Last week, in Dublin, I had the pleasure of meeting an expert in the international fashion business Karl Nainani. We were talking about how a UX driven design approach could benefit fashion and luxury brands and we realised there were so many things to talk about.

While researching the topic, I fell in love with the approach of Ralph Lauren’s digital UX designer Regine Gilbert in her article “Approaching UX design with a fashion designers eye” which compared the UX design process with the fashion design process:

“Like the process of UX design, fashion design is iterative and goes through many phases before you’re ready to get it to your user or customer”

Online platforms as an extension of the offline experience

“I think there’s going to be a lot of people coming up with that fashion experience that you sort of get from high street to online” - Snap Fashion’s Jenny Griffiths said, referring to London’s physical shopping district.

There are a bunch of good articles about UX for fashion and luxury brands that analyse websites and apps of high-end brands. Every article agrees that having a great user experience is essential for the success of an online store.

Deeply understanding the fashion and luxury buyer’s mindset and customer journey are important facts to design a great experience. According to: “The Global Luxury Customer Journey”, a study by HavaasLuxHub, luxury brand customers are willing to pay more if they are provided with better, customized, meaningful experiences and services while they approach, select and purchase a luxury product. Isabelle Harvie-Watt, Global CEO of Havas LuxHub, says:

“Brands, particularly the traditional luxury fashion brands, need to shift their focus to their customers and on how to engage them. They need to know their data; they need to understand their customer; they need to be global yet increasingly local and personalized in their approach; they need to become much more digital but at the same time experiential.”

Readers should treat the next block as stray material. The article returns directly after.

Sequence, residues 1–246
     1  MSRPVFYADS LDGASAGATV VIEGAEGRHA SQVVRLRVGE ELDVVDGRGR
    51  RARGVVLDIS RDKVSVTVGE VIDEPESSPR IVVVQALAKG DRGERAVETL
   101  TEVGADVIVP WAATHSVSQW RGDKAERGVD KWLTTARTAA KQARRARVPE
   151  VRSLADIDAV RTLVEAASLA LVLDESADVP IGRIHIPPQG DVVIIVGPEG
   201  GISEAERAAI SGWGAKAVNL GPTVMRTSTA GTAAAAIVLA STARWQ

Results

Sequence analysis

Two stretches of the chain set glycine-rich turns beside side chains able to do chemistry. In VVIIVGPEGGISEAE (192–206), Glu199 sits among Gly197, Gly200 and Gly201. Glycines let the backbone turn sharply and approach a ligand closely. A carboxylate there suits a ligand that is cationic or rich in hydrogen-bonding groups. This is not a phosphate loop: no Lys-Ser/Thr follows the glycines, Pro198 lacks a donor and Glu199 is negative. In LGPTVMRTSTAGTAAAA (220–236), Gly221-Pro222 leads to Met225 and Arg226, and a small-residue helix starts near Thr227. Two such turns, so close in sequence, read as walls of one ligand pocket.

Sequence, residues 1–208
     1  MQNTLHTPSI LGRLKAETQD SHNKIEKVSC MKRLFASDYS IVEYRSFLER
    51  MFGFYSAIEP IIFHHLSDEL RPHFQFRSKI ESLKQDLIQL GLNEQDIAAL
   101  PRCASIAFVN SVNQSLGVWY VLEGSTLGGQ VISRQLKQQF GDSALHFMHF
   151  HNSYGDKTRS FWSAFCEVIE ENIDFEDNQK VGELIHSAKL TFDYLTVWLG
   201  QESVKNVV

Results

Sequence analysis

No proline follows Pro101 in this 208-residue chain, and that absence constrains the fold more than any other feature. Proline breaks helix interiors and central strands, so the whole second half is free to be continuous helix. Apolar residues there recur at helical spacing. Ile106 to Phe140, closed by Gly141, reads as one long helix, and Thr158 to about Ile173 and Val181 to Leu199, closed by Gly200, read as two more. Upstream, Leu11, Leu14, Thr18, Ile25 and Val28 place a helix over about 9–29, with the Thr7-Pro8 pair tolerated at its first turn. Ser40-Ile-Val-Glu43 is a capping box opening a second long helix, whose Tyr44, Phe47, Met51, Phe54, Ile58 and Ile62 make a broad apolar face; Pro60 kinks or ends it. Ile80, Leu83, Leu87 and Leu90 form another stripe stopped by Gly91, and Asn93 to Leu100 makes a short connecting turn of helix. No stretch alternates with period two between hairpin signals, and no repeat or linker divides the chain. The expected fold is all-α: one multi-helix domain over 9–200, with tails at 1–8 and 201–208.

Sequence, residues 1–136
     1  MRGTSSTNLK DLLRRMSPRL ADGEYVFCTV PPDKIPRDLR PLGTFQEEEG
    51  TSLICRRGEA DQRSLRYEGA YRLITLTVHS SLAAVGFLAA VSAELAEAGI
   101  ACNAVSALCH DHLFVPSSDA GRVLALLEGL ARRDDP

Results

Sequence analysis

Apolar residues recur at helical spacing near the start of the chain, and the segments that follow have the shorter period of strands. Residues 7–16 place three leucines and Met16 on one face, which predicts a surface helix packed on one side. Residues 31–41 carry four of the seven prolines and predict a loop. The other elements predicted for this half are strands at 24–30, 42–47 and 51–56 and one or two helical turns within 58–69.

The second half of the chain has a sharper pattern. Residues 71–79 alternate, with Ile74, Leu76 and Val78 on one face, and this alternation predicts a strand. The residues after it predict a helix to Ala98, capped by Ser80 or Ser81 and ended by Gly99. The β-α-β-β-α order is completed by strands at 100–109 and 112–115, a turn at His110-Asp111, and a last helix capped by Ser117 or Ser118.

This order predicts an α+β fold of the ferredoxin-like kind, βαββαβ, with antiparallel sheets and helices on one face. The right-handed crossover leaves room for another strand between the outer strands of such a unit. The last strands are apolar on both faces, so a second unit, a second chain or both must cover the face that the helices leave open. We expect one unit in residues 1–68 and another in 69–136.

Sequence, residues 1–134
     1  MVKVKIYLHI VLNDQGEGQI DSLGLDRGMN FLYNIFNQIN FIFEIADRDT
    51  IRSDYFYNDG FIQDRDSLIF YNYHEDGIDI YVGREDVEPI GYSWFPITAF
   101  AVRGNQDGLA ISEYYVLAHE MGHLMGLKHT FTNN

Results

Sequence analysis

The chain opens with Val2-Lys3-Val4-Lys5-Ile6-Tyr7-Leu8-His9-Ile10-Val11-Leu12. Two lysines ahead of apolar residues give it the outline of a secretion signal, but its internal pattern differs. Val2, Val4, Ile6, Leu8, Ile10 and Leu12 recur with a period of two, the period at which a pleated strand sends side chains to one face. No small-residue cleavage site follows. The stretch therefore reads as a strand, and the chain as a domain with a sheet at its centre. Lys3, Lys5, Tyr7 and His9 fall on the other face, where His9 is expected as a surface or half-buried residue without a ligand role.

Luxury clothing retailer Burberry, for example, has been adding technology to their customer journey for a while. They’ve been doing great in social media and in e-commerce strategies with expectation that it will drive a third of their revenue growth over the coming three years.

“For many years we’ve been early adopters in digital, investing throughout the business along all points of the customer journey. The next stage of our digital journey is to extend this digital prowess into true e-commerce leadership. E-commerce in the luxury sector is expected over the next few years, to continue to grow by a double-digit percentage each year and to be the fastest-growing segment of the market”, said Burberry chief operating officer, John Smith.

social media and a fashion model

“One of the biggest changes will be how the digital store merges with the physical store,” reminds Farfetch founder, Jose Neves, whose startup aims to help consumers locate items from small, high-end clothing boutiques.

When we think about fashion and luxury brands from the bricks and mortar world, we should think about the whole brand experience. Besides making sure that all brand elements are present on the website or app, the experience online should be an extension of the offline experience.